Mudslinging at Balenciaga

(Photos: Balenciaga’s website)
We live in a dirty, dirty world.

A world where muckraking, mudslinging, and drain-the-swamp chanting are just part of daily life. Little wonder Demna, the mononymous designer of Balenciaga and master of the visual metaphor, decided to get down into the pit and wallow.اضافة اعلان

To be specific: He decided to truck in 275 cubic meters of black mud harvested from a French peat bog and dump it in the middle of a convention center on the outskirts of Paris. It was smooshed onto the walls, sliding down the sides of an enormous trough, and dug into a shallow catwalk along the edge, seeping with water, all courtesy of Spanish artist Santiago Sierra.

The air was pungent with a moist eau de peat (a special scent had been created to enhance the smell of decomposition) and slime was oozing across the aisles. Guests picked their way carefully to their seats, terrified of wiping out.

The set was, Demna wrote in his show notes, about “digging for the truth and being down to earth”. If that requires getting your hands (and feet and clothes) gunked-up, so be it. While his couture has become his experiment with Balenciaga’s legacy, the ready-to-wear has become his means of social commentary. It is not pretty out there. Neither was his mud club.

Ye (the artist formerly known as Kanye West, and a long-time Demna co-conspirator) stomped out in leather biker pants, an oversize flak jacket, a baseball cap, and a Balenciaga-logo mouth guard, made up to look as though he had been punched in the face. Well, you have to fight for what you believe.

Then came a host of stragglers (strugglers?), men and women in baggy jeans shredded from the back and dropped low on the hips to show the Balenciaga-logo waistbands of their underwear. There were Hulk-sized nylon jackets and dirtied-up sweatshirts with matching running shorts and handbags made from old teddy bears that looked as if they had been disinterred.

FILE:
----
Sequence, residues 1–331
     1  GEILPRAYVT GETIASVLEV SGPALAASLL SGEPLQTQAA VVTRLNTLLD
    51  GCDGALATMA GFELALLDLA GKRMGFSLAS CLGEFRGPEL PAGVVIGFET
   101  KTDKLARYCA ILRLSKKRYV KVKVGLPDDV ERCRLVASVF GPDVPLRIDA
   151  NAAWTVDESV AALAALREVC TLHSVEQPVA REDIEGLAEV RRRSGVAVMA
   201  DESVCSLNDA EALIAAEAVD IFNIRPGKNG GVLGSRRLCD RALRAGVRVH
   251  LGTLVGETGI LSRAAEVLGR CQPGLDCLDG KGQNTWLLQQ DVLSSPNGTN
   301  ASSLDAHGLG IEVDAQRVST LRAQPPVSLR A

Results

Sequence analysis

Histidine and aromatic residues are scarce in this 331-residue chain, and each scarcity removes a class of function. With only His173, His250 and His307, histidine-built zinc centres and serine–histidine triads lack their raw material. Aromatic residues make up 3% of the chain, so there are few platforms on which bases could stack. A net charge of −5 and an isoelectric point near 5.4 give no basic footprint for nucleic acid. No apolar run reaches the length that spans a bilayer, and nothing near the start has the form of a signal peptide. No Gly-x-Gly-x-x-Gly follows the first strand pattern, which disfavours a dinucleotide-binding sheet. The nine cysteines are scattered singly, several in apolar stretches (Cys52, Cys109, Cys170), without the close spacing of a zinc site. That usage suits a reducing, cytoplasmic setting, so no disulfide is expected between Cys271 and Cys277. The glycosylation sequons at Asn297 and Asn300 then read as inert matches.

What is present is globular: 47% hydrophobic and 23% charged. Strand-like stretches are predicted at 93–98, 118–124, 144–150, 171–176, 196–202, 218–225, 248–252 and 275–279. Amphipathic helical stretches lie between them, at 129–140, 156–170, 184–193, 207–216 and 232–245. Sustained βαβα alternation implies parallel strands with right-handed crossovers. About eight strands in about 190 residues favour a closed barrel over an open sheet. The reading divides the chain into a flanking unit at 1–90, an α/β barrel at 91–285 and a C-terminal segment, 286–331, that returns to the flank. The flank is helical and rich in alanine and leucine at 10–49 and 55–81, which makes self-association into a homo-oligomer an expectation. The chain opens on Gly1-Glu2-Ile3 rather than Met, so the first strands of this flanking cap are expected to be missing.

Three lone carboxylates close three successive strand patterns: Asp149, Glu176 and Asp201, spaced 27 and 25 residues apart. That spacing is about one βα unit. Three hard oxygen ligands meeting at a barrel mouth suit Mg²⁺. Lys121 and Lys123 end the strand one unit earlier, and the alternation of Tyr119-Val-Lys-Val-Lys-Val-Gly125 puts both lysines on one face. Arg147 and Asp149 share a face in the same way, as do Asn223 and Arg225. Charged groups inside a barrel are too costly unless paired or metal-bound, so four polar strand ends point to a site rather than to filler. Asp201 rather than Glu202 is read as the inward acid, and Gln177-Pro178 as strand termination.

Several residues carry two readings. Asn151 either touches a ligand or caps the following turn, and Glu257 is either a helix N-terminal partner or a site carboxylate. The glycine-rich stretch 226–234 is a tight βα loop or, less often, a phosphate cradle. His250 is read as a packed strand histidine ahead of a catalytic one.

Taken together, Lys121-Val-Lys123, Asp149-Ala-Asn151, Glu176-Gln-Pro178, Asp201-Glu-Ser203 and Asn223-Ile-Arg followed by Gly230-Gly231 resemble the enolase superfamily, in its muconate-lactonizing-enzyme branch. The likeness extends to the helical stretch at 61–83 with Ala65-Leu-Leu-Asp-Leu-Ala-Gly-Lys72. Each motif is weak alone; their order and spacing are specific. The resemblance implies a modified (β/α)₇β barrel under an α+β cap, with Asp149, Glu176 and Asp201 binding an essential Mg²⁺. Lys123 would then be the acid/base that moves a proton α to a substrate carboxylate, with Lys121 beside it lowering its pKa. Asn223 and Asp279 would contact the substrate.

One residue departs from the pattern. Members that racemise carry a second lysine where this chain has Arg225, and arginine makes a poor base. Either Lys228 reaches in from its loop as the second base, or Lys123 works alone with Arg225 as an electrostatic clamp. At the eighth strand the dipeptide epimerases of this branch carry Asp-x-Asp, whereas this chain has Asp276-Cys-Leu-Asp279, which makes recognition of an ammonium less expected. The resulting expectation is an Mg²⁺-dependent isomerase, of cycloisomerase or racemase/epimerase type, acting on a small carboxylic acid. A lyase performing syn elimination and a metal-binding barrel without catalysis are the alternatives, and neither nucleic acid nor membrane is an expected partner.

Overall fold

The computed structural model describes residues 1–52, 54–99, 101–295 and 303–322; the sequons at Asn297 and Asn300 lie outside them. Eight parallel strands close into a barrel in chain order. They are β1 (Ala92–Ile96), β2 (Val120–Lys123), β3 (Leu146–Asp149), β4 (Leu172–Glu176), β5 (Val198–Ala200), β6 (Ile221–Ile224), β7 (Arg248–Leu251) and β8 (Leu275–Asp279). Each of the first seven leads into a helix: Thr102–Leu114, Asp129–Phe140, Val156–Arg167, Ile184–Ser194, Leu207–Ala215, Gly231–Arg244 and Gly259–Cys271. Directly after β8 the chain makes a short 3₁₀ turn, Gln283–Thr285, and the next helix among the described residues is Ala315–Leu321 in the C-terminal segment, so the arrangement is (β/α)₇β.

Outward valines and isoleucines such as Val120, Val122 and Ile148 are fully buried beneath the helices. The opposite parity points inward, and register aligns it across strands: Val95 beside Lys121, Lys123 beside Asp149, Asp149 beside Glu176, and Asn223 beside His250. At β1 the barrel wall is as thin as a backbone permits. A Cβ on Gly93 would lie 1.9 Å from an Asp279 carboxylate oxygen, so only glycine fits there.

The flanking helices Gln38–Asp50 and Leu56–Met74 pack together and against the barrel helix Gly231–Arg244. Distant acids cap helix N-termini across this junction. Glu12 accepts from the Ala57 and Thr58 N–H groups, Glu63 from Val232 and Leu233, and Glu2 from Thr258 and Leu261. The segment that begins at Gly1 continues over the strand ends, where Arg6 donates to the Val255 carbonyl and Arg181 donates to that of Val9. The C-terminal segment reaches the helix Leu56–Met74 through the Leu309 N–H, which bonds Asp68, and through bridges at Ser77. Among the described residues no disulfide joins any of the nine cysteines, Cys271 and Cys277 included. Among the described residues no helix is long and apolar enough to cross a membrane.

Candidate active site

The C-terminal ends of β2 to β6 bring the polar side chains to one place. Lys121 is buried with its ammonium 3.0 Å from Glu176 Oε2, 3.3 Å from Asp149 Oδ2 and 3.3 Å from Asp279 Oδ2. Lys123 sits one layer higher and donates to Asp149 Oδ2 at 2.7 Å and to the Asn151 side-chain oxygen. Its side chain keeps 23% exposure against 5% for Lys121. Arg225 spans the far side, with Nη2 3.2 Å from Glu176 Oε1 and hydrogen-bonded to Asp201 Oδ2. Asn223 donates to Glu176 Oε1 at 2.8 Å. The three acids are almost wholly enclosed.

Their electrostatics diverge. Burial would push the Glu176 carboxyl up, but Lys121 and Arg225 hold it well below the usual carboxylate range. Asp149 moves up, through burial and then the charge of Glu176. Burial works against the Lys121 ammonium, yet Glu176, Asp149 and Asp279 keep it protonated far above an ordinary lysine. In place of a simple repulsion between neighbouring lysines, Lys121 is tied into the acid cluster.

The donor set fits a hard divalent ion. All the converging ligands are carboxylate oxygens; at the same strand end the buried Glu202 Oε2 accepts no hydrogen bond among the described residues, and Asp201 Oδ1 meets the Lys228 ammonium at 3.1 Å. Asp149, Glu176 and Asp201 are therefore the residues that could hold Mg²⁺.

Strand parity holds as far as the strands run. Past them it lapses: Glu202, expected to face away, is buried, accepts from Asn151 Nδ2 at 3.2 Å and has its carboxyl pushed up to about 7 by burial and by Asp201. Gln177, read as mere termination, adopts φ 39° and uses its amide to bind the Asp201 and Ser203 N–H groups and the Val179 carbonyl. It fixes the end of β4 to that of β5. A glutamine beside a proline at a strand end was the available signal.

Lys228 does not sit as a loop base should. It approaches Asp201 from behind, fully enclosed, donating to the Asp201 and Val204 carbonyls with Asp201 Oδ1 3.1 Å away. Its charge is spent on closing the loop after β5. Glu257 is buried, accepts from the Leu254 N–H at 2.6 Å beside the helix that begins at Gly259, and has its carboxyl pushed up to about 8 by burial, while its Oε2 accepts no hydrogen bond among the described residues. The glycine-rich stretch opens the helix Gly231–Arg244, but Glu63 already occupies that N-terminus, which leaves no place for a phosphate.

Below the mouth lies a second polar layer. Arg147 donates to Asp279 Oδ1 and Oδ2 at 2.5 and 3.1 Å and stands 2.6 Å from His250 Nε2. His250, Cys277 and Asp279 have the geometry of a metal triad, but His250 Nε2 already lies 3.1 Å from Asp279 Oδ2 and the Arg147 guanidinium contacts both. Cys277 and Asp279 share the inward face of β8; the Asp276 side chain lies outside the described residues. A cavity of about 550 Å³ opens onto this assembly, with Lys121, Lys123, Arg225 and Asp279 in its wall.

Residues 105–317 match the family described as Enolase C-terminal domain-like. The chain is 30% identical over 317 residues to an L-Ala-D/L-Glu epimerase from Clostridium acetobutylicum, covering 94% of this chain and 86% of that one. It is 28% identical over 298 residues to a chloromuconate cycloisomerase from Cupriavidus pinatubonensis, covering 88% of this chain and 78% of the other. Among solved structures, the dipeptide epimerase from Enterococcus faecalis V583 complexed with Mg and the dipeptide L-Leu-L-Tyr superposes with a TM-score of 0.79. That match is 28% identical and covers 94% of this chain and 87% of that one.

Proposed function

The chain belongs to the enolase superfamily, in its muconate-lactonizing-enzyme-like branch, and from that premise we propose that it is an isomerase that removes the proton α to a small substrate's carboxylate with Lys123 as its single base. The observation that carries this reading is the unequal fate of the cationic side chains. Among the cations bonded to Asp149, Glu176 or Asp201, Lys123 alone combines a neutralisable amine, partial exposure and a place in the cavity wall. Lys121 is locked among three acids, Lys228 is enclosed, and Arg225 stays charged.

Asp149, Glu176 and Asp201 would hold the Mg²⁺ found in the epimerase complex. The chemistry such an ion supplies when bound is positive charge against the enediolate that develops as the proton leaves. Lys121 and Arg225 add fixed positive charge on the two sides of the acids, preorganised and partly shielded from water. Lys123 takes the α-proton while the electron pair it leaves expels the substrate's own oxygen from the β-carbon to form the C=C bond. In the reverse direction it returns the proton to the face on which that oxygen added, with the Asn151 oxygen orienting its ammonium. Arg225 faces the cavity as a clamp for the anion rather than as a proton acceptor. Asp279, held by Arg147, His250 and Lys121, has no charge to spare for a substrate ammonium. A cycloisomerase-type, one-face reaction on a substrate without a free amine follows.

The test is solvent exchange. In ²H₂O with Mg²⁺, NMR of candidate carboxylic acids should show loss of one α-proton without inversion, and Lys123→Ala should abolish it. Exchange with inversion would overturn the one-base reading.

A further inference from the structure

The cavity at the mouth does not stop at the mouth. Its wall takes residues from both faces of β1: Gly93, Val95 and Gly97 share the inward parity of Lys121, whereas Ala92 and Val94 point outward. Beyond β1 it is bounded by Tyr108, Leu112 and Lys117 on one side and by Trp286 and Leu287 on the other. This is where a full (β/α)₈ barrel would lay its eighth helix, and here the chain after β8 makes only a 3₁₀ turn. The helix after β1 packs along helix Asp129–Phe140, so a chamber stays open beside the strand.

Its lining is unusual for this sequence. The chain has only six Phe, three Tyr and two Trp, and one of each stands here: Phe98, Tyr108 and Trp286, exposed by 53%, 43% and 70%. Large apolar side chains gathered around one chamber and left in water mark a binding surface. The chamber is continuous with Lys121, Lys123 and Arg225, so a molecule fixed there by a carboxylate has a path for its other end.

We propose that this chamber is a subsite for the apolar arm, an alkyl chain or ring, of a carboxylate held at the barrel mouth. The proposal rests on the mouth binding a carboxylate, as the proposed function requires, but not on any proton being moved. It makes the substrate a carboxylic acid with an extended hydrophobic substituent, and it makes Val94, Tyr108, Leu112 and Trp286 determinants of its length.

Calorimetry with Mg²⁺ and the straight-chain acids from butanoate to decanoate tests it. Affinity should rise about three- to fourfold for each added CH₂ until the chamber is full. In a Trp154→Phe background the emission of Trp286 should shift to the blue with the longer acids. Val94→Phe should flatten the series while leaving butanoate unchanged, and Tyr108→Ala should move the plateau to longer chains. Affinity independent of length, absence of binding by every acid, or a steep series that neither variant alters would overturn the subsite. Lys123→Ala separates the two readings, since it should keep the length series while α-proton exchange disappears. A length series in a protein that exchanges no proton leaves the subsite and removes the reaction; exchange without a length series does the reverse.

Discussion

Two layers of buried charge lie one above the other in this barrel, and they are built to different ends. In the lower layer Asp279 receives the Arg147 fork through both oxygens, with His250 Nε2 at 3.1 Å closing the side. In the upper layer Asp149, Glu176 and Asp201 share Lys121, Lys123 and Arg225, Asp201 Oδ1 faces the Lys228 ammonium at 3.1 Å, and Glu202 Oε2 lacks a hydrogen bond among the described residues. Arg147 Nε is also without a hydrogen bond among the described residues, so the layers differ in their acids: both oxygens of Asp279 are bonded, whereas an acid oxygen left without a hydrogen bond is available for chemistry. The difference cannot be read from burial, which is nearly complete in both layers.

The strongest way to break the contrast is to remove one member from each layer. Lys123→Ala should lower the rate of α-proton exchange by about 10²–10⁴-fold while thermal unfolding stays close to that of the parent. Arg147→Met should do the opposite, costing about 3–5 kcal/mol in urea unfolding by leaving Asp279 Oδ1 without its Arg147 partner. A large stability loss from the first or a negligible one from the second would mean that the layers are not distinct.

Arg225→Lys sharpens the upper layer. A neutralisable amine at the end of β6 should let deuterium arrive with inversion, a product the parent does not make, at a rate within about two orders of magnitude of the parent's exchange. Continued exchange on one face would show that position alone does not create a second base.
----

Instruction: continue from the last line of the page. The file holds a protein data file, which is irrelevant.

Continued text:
Some guys wore ballet flats on their feet and baby carriers on front, with eerily lifelike baby dolls inside (giving new meaning to Dad jeans). Scarves corkscrewed down the body, jouncing up and down. One shoulder bag had an integral sleeve so it could be worn like a gauntlet. The hem of a lipstick-red, pleated silk gown was turned brown in the dirt; ditto a pink jersey number knotted multiple times on the side and a crystal-sprinkled mesh tank gown. The last look was a leather dress pieced together from a host of cut-up Balenciaga handbags.

There was no hierarchy of preciousness here, which is part of the point. One Demna has been making since he first put Balenciaga crocs on his runway years ago, and that he has been exploring ever since with leather garbage bags and desiccated sneakers, among other accessories. It is button-pushing of the most calculated kind. People freak out, but he sets an agenda.

What makes a garment qualify as “luxury”? Is it the material, the decoration, the impracticality? Backstage, afterward, surrounded by a crush of reporters waving smartphones in his face, Demna talked about the work that goes into making a new garment look permanently destroyed (it is technically hard).

So would you feel like an idiot paying an exorbitant price for a purposefully muddied sweatshirt? Maybe — but there is a precedent with ripped jeans.

And really, who is the emperor with new clothes in this scenario: the person who blindly accepts the values handed down to them by others, or the one who buys into the idea of turning those values inside-out?

They do not call it filthy lucre for nothing.

Ye — who was in Paris because he was scheduled to hold his own surprise Yeezy show Monday night — seemed on board with the idea, later making a front-row appearance at Matthew M. Williams’ Givenchy show still wearing his mouth guard and makeup bruise.

Held outside in the rain in the Jardin des Plantes, it was Williams’ first pure womenswear show for Givenchy after two years of combining both genders on a single runway, to better clarify his vision for the brand.

Which was a clash! Of cultures and style stereotypes, Paris and LA, as told through destroyed jeans, baggy cargo shorts, cropped ruffled blouses, and tweed bouclé. Knock me over with a trench coat.

While more coherent than his previous outings, however, it was not any more original. This particular version of street-meets-chic is now so familiar that it looks like part of the fashion furniture. And a finale of LBDs (long black dresses) was elegant, but blandly archival. Williams’ Givenchy is not bad. It is just unmemorable. It does not make you feel much of anything.

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